By Amanda Heidt
Ever since the first bispecific antibody received regulatory approval in 2009, increasingly sophisticated bispecific antibodies have been sought, particularly in cancer research. Bispecific antibodies now represent one of the livelier fields in cancer immunotherapy. Indeed, advances in bispecific antibodies were the subject of a day-and-a-half program at the 10th Annual Immuno-Oncology Summit.
Hot and cold
In 2009, at the behest of the European Medicines Administration, catumaxomab (Removab) became the world’s first bispecific antibody to be approved for therapeutic use. It was trifunctional, binding tumor cells via the EpCAM antigen, T cells via the CD3 protein complex, and accessory cells (such as macrophages, natural killer cells, or dendritic cells) via the Fc receptor.
Although catumaxomab was subsequently withdrawn from the market for commercial reasons, it has been succeeded by other bispecific antibodies that incorporate CD3-targeting structures and are intended to treat cancer. For example, bispecific antibodies that target CD3 and tumor surface receptors are being developed by ACROBiosystems, a biotechnology company based in Newark, DE. Each of these bispecific antibodies is designed to bring together a T cell and a tumor cell to form an immunological synapse.
After the event, GEN followed up with Tracy Zhao, a field application scientist at ACROBiosystems. She noted that although ACROBiosystems has provided CD3 bispecific antibodies as “research use only” products, typically for the development and screening of drug candidates, the company recently established a GMP facility that supports the production of antibodies for human use. “Soon, it will be easier for our customers to choose our GMP products for use in clinical studies,” she said.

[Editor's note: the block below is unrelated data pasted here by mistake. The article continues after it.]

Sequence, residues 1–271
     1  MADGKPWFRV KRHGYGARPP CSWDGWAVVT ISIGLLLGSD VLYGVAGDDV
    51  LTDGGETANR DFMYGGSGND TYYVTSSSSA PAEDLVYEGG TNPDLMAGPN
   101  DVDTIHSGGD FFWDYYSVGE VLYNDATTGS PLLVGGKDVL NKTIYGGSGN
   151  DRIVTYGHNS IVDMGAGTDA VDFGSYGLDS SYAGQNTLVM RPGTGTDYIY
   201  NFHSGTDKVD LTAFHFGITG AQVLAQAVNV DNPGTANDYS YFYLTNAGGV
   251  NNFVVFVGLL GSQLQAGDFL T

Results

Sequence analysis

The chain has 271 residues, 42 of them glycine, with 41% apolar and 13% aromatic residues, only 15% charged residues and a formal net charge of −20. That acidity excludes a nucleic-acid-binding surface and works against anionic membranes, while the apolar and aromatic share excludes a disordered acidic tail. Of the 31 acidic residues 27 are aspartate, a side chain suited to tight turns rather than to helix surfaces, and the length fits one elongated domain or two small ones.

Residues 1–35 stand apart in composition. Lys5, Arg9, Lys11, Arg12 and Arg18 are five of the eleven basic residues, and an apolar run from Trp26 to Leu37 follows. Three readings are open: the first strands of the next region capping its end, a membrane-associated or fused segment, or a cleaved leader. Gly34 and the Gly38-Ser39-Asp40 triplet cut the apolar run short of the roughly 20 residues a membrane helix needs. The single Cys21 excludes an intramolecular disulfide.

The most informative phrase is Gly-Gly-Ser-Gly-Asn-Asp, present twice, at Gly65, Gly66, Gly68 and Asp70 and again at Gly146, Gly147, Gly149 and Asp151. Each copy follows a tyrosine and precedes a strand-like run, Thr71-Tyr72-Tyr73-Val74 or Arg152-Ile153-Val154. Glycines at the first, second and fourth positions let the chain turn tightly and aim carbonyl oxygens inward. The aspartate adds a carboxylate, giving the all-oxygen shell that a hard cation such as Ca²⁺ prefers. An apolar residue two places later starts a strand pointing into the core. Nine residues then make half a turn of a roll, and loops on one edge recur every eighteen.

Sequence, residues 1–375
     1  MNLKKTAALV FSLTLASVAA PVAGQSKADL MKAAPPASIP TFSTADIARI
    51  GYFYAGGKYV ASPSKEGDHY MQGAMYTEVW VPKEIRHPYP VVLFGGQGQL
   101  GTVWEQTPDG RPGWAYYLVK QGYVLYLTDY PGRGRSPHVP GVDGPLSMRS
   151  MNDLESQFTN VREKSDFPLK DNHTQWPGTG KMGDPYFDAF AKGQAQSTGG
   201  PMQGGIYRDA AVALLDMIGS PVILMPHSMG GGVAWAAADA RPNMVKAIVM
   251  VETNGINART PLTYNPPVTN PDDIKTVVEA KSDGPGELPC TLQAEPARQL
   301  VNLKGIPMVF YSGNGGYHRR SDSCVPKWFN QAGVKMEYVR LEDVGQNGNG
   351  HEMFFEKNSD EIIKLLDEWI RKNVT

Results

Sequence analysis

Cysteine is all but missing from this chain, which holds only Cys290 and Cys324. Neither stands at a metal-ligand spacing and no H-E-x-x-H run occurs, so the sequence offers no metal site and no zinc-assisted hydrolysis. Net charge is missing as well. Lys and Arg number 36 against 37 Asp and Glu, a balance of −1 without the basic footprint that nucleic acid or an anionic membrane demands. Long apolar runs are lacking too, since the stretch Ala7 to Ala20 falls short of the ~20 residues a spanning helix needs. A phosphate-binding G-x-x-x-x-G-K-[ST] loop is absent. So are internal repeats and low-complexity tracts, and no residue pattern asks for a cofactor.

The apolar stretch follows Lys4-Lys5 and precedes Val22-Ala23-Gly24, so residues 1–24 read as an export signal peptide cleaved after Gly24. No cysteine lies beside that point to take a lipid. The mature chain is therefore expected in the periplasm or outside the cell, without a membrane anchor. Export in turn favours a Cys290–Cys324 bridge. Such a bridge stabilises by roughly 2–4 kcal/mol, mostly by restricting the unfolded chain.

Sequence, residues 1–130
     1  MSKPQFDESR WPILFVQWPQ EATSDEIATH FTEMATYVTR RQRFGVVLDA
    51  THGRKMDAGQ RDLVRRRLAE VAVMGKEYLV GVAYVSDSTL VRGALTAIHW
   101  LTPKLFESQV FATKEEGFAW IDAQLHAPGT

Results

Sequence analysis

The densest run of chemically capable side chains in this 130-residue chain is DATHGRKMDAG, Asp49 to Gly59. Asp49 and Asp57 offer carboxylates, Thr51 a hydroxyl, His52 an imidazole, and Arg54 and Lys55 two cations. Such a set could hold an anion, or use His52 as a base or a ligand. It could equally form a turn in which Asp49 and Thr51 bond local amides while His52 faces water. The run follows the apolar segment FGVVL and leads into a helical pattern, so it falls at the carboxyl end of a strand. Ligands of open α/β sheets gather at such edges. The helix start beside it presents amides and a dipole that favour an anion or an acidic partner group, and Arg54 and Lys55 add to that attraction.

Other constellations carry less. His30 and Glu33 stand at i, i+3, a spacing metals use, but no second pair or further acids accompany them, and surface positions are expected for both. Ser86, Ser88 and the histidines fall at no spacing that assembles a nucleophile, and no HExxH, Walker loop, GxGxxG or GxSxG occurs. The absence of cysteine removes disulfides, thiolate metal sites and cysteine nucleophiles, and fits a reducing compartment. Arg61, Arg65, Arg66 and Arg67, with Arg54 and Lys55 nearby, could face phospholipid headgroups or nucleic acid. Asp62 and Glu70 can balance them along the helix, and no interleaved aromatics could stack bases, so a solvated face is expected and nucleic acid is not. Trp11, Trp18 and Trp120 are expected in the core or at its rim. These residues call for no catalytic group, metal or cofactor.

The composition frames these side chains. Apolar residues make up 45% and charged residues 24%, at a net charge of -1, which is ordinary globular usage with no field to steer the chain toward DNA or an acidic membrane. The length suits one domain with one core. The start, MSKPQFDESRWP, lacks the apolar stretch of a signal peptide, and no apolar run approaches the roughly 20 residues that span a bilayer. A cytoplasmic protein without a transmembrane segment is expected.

The most successful immunotherapies have focused on “hot” tumors—that is, tumors in which pro-inflammatory factors are present and serve to promote T-cell infiltration and stronger immune responses. Such therapies include those incorporating CD3 bispecific antibodies and checkpoint inhibitors.
PD-1 and PD-L1 checkpoint inhibitors have exploded in popularity over the last decade due to their ability to reinvigorate T cells that are otherwise suppressed by tumors. These inhibitors, however, have proven less useful in treating “cold” tumors—those that suppress the immune response by excluding T cells, thereby negating the mechanism underlying checkpoint inhibitors. Such tumors make up the majority of cancers, affecting five times as many patients.
Michael Curran, PhD, an immunologist at the MD Anderson Cancer Center and the founder of ImmunoGenesis, a clinical-stage biotechnology company based in Houston, TX, presented data on the company’s dual-specific antibody, IMGS-001. According to Curran, IMGS-001 augurs a “second generation” of PD-1 therapies. Rather than targeting only PD-1 or PD-L1, ImmunoGenesis’s antibody binds to both PD-L1 and the second PD-1 ligand, PD-L2.
Curran noted that over the last five to seven years, scientists have found that PD-L2 binds PD-1 with greater affinity than does PD-L1, and that PD-L2 is also expressed widely across many cancer types, including some that don’t express PD-L1. (About 60% of cancers express both L1 and L2; about 15%, just L1; and about 15%, just L2—the remaining 10% express neither.) He added that scientists also came to realize that PD-L2’s biology is complex. The latter finding has proven discouraging. As Curran remarked, “No one has really felt they understood [PD-L2] enough to try to target it directly.”
But in creating a dual-specific antibody that can bind either or both ligands, IMGS-001 functions as a checkpoint inhibitor while also depleting other tumor-associated cell types, including myeloid stroma and myofibroblasts that together create a physical barrier that excludes T cells. In addition, the antibody reconditions the endothelial vasculature supplying blood to the tumor.
“The antibody allows an influx of T cells into these cold tumors that otherwise are not well infiltrated,” Curran summarized. “The PD-1-blocking function of the antibody then allows them to amplify, and we see dramatically elevated responses in cold tumor settings compared to the existing drugs.” In preclinical models that tested the drug as a monotherapy and in which existing PD-1 antibodies have been largely ineffective, IMGS-001 cured roughly 50% of mice and slowed tumor growth by over 90%. ImmunoGenesis is expected to begin dosing patients in a Phase I trial this month.
Leveraging new platforms